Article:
Why are we still unmarried and childless - the Croatian case

Andjelko Akrap, University of Zagreb
Ivan Cipin, University of Zagreb

From the beginning of the 1990s there has been an increase in number of unmarried men and women in over-35 age group in Croatia. Moreover, very low total fertility rate (below 1,5) persists more than a decade with no sign of recovery. However due to the fact that in recent years only 10 percent of all births was out of wedlock, lower nuptiality rates unquestionably contribute to nowadays low fertility rates. In this paper we will investigate factors that can influence a men and woman’s choice to marry and have a child. We will analyze something we defined as so called societal childlessness, i.e. the one that is not a consequence of a biological infertility, as one of the causes of low fertility. Although it is not the main cause of low fertility rates, it is becoming more important among other numerous factors that contribute to very low period fertility rates in Croatia. This paper makes use of data from the survey conducted in 2005-6 by Ministry of Family, Veterans' Affairs and Intergenerational Solidarity in Croatia which showed, on the sample of 714 unmarried and childless men and women aged 35 to 44, main past and present obstacles that discourage men and women from entering into marriage and having children. Based on the survey question whether the respondents plan to have children we were able to identify three groups of childless men and women. Applying multivariate statistics we will investigate existence of difference between their attitudes toward marriage and child bearing. One of the important issues will be to determine to what extent previously mentioned trends were a consequence of voluntarily decision, and more importantly, how much they were caused by the social, economic, sociological, psychological and other factors.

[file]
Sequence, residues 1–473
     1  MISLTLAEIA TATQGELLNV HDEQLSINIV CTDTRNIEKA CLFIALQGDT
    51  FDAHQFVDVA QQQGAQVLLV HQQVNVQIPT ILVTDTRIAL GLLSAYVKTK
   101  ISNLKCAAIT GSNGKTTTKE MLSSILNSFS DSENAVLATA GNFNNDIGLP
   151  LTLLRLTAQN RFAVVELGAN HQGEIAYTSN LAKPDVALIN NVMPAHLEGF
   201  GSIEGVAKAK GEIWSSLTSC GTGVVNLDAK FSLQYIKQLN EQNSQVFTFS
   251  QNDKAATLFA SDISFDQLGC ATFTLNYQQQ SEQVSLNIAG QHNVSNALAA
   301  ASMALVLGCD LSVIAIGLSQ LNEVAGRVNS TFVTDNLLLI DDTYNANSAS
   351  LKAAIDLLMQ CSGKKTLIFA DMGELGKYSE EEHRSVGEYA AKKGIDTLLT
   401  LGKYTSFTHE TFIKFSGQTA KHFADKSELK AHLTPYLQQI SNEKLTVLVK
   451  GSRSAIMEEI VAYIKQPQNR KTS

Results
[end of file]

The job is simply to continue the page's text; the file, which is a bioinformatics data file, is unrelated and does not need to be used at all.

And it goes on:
Presented in Poster Session 1

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